Enquirer presidential endorsement: Mitt Romney The No.1 issue in our region and our nation today is how to recharge our economy and get more people working in good-paying jobs. President Barack Obama has had four years to overcome the job losses of the Great Recession he inherited, but the recovery has been too slow and too weak. It's time for new leadership from Mitt Romney, a governor and business leader with a record of solving problems. Obama took office in January 2009 as the nation's economy was imploding. Four years later, though, we're still at risk of backpedaling into another recession, the housing market is still suffering and we have a sense of drift, not of common purpose. Romney's experience as a chief executive, business leader and governor position him to be the best candidate to lead us into a new era of streamlined but effective government with a renewed focus on maintaining America as the world's leading economy. The best indicator of how Romney would lead is his record as governor.
George Will: Obama’s empty, strident campaign Energetic in body but indolent in mind, Barack Obama in his frenetic campaigning for a second term is promising to replicate his first term, although simply apologizing would be appropriate. His long campaign’s bilious tone — scurrilities about Mitt Romney as a monster of, at best, callous indifference; adolescent japes about “Romnesia” — is discordant coming from someone who has favorably compared his achievements to those of “any president” since Lincoln, with the “possible” exceptions of Lincoln, LBJ and FDR. Obama’s oceanic self-esteem — no deficit there — may explain why he seems to smolder with resentment that he must actually ask for a second term. Speaking of apologies, Syracuse University’s law school should issue one for having graduated Joe Biden. Two economic themes of Obama’s campaign have been that outsourcing jobs is sinful and that he saved GM, which assembles 70 percent of its vehicles on lines outside America. All politicians are to some extent salesmen.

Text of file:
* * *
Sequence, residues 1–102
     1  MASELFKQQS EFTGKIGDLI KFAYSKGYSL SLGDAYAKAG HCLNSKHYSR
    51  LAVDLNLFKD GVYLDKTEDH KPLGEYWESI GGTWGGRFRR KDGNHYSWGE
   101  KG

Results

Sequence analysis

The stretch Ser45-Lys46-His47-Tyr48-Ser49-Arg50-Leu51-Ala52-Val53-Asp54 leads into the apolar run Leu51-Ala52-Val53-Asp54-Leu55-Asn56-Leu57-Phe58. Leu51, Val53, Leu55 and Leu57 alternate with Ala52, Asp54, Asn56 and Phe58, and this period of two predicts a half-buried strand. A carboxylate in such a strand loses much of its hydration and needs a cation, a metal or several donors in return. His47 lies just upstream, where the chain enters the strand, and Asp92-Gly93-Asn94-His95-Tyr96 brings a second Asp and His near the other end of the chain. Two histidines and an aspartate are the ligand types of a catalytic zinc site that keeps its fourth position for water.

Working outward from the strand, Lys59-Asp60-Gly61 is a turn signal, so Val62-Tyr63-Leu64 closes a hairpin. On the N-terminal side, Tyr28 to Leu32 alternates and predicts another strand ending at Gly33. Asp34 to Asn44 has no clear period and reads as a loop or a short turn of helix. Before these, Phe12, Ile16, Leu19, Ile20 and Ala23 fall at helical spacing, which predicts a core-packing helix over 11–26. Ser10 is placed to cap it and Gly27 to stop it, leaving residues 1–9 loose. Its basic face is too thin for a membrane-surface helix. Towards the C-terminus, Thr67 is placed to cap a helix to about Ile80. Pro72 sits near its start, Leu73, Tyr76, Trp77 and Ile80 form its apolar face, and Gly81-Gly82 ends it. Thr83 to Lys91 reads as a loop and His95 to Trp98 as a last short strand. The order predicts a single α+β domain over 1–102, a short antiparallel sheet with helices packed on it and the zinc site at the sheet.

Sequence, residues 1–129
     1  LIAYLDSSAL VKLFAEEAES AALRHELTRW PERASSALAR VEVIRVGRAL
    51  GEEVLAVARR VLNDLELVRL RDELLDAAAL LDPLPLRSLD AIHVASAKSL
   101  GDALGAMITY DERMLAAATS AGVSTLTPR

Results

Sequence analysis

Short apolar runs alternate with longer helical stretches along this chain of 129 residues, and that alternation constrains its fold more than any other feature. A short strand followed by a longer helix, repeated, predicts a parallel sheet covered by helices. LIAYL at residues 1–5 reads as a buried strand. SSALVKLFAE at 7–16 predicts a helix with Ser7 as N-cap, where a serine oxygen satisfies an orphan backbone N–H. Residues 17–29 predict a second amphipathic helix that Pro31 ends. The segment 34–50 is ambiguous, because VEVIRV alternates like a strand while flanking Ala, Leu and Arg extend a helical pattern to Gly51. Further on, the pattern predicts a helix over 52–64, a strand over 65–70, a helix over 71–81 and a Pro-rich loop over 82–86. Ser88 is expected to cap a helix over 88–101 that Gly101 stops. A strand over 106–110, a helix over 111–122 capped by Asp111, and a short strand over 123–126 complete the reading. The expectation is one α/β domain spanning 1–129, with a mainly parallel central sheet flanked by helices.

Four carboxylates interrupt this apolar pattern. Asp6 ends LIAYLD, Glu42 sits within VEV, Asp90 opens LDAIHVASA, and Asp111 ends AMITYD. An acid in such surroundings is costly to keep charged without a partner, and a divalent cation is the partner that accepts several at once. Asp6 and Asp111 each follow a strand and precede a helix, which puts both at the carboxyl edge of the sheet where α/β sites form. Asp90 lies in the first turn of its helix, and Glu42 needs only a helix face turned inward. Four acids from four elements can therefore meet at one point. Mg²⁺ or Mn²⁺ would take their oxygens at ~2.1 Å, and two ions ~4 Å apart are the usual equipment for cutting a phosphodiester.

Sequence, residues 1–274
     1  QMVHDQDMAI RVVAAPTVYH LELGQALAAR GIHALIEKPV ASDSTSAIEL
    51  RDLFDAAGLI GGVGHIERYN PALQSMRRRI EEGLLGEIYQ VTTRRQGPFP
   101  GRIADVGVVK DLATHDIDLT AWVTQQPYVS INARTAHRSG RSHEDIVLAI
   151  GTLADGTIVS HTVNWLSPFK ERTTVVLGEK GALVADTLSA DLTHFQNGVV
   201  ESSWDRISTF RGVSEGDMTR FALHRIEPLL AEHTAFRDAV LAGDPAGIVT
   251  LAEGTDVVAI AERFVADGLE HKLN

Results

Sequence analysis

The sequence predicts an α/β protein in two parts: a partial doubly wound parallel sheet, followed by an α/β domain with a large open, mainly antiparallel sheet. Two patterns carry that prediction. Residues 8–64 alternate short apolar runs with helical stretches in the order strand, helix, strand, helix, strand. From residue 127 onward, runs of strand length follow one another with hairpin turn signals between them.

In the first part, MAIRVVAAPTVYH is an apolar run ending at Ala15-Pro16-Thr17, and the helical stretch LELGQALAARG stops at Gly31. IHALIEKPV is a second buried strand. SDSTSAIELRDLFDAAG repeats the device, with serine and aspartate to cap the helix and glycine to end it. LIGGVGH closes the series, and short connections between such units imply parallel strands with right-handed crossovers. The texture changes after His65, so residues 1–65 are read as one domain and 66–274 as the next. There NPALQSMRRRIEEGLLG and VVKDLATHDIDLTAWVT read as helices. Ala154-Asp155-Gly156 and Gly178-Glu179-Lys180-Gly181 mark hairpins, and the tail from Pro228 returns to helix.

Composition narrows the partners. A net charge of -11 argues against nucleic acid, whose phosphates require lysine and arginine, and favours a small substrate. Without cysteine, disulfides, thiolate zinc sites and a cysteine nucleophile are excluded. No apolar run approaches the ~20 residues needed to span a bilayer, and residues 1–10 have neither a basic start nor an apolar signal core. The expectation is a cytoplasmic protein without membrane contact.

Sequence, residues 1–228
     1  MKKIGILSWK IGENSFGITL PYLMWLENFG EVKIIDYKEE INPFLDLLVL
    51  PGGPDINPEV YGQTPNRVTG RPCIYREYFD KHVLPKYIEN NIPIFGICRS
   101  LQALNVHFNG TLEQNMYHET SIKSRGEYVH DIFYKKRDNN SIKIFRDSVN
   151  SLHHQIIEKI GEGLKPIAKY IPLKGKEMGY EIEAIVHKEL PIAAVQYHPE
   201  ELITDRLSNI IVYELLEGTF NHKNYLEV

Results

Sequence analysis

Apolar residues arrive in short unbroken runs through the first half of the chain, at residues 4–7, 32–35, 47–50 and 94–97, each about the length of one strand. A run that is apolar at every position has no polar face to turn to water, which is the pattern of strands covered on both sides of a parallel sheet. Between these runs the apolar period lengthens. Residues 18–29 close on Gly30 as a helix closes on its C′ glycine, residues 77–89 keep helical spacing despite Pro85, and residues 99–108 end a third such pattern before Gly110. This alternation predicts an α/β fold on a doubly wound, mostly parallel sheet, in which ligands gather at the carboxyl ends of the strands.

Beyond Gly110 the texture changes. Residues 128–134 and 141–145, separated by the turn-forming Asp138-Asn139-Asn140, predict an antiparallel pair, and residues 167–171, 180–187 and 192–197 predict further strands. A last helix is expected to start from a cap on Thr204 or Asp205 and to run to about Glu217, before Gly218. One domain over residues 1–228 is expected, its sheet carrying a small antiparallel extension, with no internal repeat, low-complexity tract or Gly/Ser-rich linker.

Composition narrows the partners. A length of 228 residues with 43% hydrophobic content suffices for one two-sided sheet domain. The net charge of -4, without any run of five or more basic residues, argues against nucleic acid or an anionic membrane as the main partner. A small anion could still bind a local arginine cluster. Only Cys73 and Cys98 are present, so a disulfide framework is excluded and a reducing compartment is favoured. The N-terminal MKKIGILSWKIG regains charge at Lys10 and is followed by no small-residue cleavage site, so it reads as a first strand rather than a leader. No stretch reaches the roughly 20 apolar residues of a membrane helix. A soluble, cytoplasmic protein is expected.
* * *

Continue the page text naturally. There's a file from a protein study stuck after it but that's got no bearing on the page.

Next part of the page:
Obama, Explained - James Fallows As Barack Obama contends for a second term in office, two conflicting narratives of his presidency have emerged. Is he a skillful political player and policy visionary—a chess master who always sees several moves ahead of his opponents (and of the punditocracy)? Or is he politically clumsy and out of his depth—a pawn overwhelmed by events, at the mercy of a second-rate staff and of the Republicans? Here, a longtime analyst of the presidency takes the measure of our 44th president, with a view to history. Carolyn Kaster/Associated Press/Corbis Images In the late 1990s, when his fellow University of Chicago professor Barack Obama had just run for the Illinois State Senate and long before a newly inaugurated President Obama named him to his Council of Economic Advisers, the economist Austan Goolsbee was on the most terrifying airplane trip of his life. One jolt of turbulence was so strong that a flight attendant, not yet strapped in, hit her head on the airplane’s ceiling.